The misnamed ‘welfare reforms’ when they are correctly housing benefit changes has, at long last, finally seen social landlords have to view them from how they affect the social tenant. The proverbial is so going to hit the fan that the term social housing becomes the biggest misnomer of the lot as I briefly explain below.
The devastation the reduced overall benefit cap policy and the LHA maxima cap policy will give has forced this issue upon them. These two policies manifest in radical change for social landlords way in excess of the bedroom tax for example as they affect ALL housing benefit recipients not just the 13% of them who allegedly under occupy in the bedroom tax.
The OBC hits the 74% of all social housing HB tenants who are not pensioners and the LHA maxima cap affects 100% of housing benefit recipients as it includes pensioners – and 77% of social tenants receive housing benefit.
As such the OBC and the LHA maxima cap policies are significantly more radical in their impact for social landlords … who now need to respond with radical changes of their own that are forced upon them by these two policies.
- Bedroom Tax = 13% of 77% = affects 10% of all social housing tenants
- Benefit Cap = 74% of 747% on HB = 57% of all social housing tenants
- LHA maxima cap = 100% of 77% = 77% of all social housing tenants
- SAR applying to social tenants = 4% of all social housing tenants affected
Those simple figures show the radical extent of the overall benefit cap and especially the LHA maxima cap in comparison to the welfare reforms that have gone before such as the bedroom tax. This is a whole new ball game for all social landlords and it is just dawning on them precisely what this will all mean.
Crudely the Benefit Cap has almost 6 ties more impact than the bedroom tax and the LHA maxima cap has almost 8 times the impact as the bedroom tax.
The Benefit Cap means a fully occupied 3 bed SRS property will be hit by an average £76 per week HB cut when the under occupied bedroom tax 3 bed attract a HB cut averaging £15 per week. The two policies thus clash and work in directly opposite ways … and reveals both policies to be ideological back of a fag packet ones that are totally uncoordinated.
The LHA maxima cap means the the majority of sheltered housing – the category 1 type that is not supported but general needs housing – is not financially viable and will close, definitively will close I repeat.
The SAR applying to social housing tenants by contrast only affects 4% at most of social housing tenants. (The under 35 on HB is 19% of SRS households of which 28% are childless and 77% presumably on HB – 4.1%)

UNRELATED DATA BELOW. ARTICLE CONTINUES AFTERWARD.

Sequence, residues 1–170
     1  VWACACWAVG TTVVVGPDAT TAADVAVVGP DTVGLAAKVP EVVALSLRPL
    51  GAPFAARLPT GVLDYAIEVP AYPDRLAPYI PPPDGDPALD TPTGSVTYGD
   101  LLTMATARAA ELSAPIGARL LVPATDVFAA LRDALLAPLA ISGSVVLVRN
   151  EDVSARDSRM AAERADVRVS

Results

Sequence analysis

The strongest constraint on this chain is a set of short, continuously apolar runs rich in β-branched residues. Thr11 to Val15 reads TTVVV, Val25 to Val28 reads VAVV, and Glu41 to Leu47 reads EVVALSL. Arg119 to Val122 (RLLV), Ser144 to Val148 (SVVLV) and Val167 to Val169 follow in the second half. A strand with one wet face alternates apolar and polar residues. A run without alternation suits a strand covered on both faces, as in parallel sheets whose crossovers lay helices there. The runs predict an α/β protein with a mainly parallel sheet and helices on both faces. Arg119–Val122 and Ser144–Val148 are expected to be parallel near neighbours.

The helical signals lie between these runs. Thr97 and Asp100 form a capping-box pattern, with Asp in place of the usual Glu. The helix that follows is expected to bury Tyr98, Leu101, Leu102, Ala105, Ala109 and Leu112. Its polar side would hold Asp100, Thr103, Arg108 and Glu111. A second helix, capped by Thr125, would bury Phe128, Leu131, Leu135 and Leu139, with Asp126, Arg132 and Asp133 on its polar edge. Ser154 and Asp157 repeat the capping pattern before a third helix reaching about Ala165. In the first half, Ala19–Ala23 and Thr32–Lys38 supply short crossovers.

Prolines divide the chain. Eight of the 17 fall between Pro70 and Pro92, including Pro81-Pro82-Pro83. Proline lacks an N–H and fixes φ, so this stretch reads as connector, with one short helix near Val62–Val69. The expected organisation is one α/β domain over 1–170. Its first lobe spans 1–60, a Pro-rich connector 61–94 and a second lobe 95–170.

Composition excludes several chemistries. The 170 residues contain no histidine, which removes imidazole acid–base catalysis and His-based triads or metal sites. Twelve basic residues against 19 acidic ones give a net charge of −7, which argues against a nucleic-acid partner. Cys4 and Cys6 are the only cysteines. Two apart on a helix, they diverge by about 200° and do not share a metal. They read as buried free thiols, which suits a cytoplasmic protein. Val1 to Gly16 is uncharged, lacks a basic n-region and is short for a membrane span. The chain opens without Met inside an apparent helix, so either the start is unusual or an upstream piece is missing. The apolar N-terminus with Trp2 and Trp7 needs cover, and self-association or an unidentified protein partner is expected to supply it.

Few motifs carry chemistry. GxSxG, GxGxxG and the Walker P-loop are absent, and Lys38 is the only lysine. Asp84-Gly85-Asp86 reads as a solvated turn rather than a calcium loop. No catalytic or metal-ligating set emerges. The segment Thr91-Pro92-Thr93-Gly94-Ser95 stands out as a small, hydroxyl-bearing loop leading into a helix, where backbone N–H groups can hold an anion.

Yet bizarrely it is the only aspect of general needs social housing that the NHF has challenged openly and they have not stated how the LHA maxima cap affects the majority of sheltered housing which is also correctly general needs housing as it is neither specified accommodation or exempt accommodation both of which are specific HB legal definitions that does not cover the majority of sheltered housing.
In short what many housing associations call sheltered and believe it to be supported housing, when its not, will close and inevitably so. Decommissioning sheltered housing and decanting or evicting the pensioner is what HAs will have to do as that type of sheltered housing becomes non financially viable to operate.
Radical enough for you?
In terms of allocating new properties, of which social housing has about 385,000 per year, no social landlord can afford to put a benefit household in a 3 bed property as their level of HB that is cut makes this non viable. As 36% of all social housing is the 3 bed or larger property and 77% of social housing tenants are the benefit household you quickly see the radical impact the benefit cap reduction has.
Even more radical!
Extremely radical operational and strategic change is thrust upon all social landlords by these extremely radical housing benefit policies of the LHA maxima and overall benefit cap.
That will be a huge challenge for social landlords and whom the former Housing Minister Grant Shapps called with much validity the lazy consensus. This is the same sector who in the past few months have been awarding themselves awards and opining just how innovative they are by the way!
In their defence prior to 1 April 2013 when the bedroom tax began all social landlords never saw a cut in housing benefit at all and full HB was the norm and so they were able to take all prospective tenants and especially the benefit households.
Yet now all social landlords cannot afford the benefit tenant household and that is a massive turnaround and obviates such questions as Where will the benefit tenant household live!?
The answer to that can only be that housing associations will refuse to house the benefit tenant household leaving that to council landlords … who also can’t afford to house them … leading to a huge upsurge in homelessness and every local authority having a skyrocketing temporary homeless bill – a transfer of financial risk from central to local government of around £3 billion per year in my estimation.
So anyone who thinks that the OBC and the LHA maxima cap are just another two welfare reforms is hugely mistaken. Note too that when Universal Credit comes in that households will lose more money through the Benefit Cap than they do now, much more in fact!
All the #ukhousing peeps who said I was merely a dsytopian scaremonger eh!
All the #ukhousing peeps who said I just despised HAs an the NHF in particular
All the #ukhousing peeps who said I was naive in stating #ukhousing actually challenge these policies ..
Has the penny dropped yet? Or are you still of the David Orr view that all is fine and dandy with this government’s housing and housing related policies? Anyone still believe that a so-called social landlord can still be social? Anyone still believe that the only or major social housing crisis is build build build? …